Sunday, November 22, 2009

A New Holiday Tradition?

It has been a really long time since I did a recipe. Honestly, husband's been doin' most of the cookin' with me at the barn more. But despite this being library week and goin' to see the possible cow, I was home enough days in a row to fix somethin' special.
What I did was this. I read, some years ago, on somebody's blog, about making croissants I guess it was. That's where I got the idea anyway to take dough and squash it, butter it, layer it. Except the blog I read it on was definitely not a "you can do this" sort of blog but an "I'm a chef, I'm special" kind of blog. Lawd but I hope that you get that I am not about anything if it isn't that you can do this too. Don't be stupid, be creative, be brave, be persistent, have vision, get along with your family and pay no attention to what the rest of the world thinks and you can do this too!

Well, the rolls are even easier than that. I took my regular bread recipe (and remember, I let a bread machine do the first part of the regular, non-fermented, breads) and changed it a bit. I took a cup and a half of water and warmed it. I usually use a bit more liquid but I wanted a soft dough so I put in more oil that usual, a quarter cup or a bit more. I put in some sugar just because, probably a quarter cup of that too. About four cups of freshly ground hard wheat flour. Two teaspoons of yeast. And I was supposed to put in two teaspoons of salt but I got all distracted and forgot that on this batch. Bread always needs salt. I think that is it. What I usually put in that I didn't was extra gluten because I wanted a soft dough.

I let the machine knead and do the first risin'. I melted butter, got my basting brush, my rollin' pin, a pan and a board all greased up (actually, spray oiled), and turned the dough onto the board. And then I rolled it out to a rectangle. Then I buttered that rectangle, folded it over, found out that it was easiest to butter it and fold it twice for every rolling out, and did that several times. Roll, butter, fold, butter, fold, roll, etc. After about eight times I got to thinking about how many layers I had (2,4,8,16, 32, 64, 128, 256) and I stopped and rolled the whole thing out as thin as I could. Then I proceeded to cut it into triangles, butter those, and roll those up like the crescent rolls that my mother fed me (and guests) on special occassions. Then butter the tops.

Then I let them rise and baked them and you see the results. Light, flakey, buttery, delicious. I sprinked kosher salt on the top of this batch since I'd figured out by then that I'd forgotten to salt the dough. These are definitely good enough to join the brocolli salad and pecan pies as a holiday tradition.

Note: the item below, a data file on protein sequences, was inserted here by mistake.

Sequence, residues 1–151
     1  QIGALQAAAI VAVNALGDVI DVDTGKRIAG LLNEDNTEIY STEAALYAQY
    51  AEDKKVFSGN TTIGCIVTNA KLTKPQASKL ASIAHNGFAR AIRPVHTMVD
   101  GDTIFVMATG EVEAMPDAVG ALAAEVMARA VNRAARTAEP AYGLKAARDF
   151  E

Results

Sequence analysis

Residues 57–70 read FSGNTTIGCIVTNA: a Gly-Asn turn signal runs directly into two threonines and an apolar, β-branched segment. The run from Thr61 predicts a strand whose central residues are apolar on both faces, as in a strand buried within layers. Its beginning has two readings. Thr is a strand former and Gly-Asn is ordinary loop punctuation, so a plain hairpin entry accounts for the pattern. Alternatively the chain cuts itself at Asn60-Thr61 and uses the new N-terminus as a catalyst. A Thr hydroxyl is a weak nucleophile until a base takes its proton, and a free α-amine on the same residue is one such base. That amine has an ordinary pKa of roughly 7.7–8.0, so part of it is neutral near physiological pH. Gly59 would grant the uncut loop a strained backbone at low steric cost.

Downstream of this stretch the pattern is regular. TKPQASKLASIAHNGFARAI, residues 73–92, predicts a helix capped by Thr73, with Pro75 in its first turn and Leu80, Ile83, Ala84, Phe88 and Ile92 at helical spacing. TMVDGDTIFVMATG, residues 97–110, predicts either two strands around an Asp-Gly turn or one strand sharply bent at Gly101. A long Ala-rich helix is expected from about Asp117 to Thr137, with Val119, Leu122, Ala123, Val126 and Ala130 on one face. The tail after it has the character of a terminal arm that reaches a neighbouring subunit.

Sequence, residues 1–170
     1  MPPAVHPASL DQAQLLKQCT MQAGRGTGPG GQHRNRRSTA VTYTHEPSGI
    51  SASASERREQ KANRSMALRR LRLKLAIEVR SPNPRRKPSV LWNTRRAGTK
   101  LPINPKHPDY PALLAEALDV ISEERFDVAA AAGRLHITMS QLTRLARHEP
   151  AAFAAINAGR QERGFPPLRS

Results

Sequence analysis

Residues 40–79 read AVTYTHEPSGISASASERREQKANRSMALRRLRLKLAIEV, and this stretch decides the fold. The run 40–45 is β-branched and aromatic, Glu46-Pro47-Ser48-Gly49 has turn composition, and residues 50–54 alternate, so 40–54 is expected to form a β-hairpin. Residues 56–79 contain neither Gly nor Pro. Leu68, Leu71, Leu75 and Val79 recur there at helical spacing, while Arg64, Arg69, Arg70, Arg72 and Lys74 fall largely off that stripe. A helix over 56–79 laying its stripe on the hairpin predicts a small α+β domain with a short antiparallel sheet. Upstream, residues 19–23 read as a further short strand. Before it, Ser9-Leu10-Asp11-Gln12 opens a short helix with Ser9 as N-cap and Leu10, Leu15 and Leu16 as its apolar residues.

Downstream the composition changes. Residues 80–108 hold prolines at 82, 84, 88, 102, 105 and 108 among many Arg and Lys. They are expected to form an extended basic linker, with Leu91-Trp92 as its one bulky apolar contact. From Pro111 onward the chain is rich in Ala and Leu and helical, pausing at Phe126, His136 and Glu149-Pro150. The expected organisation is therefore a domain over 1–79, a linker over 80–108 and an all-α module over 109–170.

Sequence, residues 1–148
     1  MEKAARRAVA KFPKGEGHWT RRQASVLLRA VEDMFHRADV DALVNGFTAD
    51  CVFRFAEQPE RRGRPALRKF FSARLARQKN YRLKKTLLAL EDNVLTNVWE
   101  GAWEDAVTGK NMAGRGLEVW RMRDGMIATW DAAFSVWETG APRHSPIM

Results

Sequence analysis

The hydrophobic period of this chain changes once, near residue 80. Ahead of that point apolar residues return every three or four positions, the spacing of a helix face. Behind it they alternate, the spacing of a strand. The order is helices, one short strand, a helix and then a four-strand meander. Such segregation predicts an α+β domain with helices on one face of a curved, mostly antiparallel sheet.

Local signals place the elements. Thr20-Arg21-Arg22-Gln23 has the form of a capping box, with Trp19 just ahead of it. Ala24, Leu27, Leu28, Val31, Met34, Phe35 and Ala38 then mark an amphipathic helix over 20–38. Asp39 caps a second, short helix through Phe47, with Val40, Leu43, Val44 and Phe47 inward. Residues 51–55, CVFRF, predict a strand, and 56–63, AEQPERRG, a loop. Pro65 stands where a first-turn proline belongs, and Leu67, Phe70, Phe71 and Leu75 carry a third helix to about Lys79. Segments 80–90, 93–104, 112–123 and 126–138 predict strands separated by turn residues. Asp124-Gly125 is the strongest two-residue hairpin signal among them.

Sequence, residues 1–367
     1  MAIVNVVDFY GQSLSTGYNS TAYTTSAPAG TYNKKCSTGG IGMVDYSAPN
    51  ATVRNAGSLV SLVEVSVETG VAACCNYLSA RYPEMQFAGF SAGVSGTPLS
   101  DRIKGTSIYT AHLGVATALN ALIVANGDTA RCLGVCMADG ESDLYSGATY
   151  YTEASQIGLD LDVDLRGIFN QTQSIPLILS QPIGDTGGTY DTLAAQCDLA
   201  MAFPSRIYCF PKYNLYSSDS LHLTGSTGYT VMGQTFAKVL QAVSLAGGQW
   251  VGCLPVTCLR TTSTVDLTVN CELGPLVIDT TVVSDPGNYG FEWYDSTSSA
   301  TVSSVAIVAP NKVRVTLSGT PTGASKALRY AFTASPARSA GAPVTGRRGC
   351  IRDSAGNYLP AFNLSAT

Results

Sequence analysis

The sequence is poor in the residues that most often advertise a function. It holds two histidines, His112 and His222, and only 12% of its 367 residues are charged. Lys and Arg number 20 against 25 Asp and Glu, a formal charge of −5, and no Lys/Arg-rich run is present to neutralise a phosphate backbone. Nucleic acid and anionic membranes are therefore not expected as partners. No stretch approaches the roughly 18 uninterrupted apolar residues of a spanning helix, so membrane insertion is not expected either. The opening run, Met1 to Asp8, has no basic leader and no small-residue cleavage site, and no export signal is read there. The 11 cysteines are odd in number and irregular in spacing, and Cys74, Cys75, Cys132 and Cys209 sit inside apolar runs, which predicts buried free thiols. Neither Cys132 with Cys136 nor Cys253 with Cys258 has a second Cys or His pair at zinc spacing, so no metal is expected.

5 comments:

annettelikesrain said...

How strange... just the other day I was thinking I wanted to ask you if you'd ever experimented with croissants.

I remember something from back in the day, Julia Child I believe. Said one thing to do to make croissants more croissantlike was to spray/mist water into the oven while they were cooking. Any ideas on that?

Mr. H. said...

Ha! I am one of those husbands that does a lot of the cooking but never the baking, I'm terrible at it...the whole recipe thing you know.

So tonight with the wife off on family business I decided that all I wanted in life was to have a pizza, and to us that means homemade. So I looked and looked and could not for the life of me find the darn recipe my wife normally uses.

So, rather than looking one up online I decided to just do it. I said to myself "Mike, you're a good cook and albeit a somewhat illiterate baker you must at least give it a go" and so I did. And, although I have yet to put the whole pie together, the crust has risen in a warm area and looks fantastic...it might not taste so great but maybe it will, especially with a beer. I was brave, persistent, perhaps lacking in vision, but definitely creative.:) Great post!

CG said...

Good for you Mr. H! I always leave the gluten out of crust or I can't make it big enough for the pans!

Annette, maybe it was your thoughts on the matter that pushed me over the edge. And yes, I most usually use the "throw water into the oven" trick when I'm using the wood stove. In the gas stove I just put a pan of water in as it pre-heats and then leave it. Unless I'm doing the fermented bread (the no knead that went around some time ago -- although I knead it) and that's done in a closed container and thus is its own moisture. The trick there is that you are keeping the crust moist enough to not get a stiff crust until it has time to rise internally a bit more. Works too.

Alecto said...

Well, given the fact that Cletus vetoed my unilateral decision to cancel Thanksgiving this year I do believe I'll take a pound of butter and get started!

annettelikesrain said...

I am sincerely thankful for you all. Happy Feast!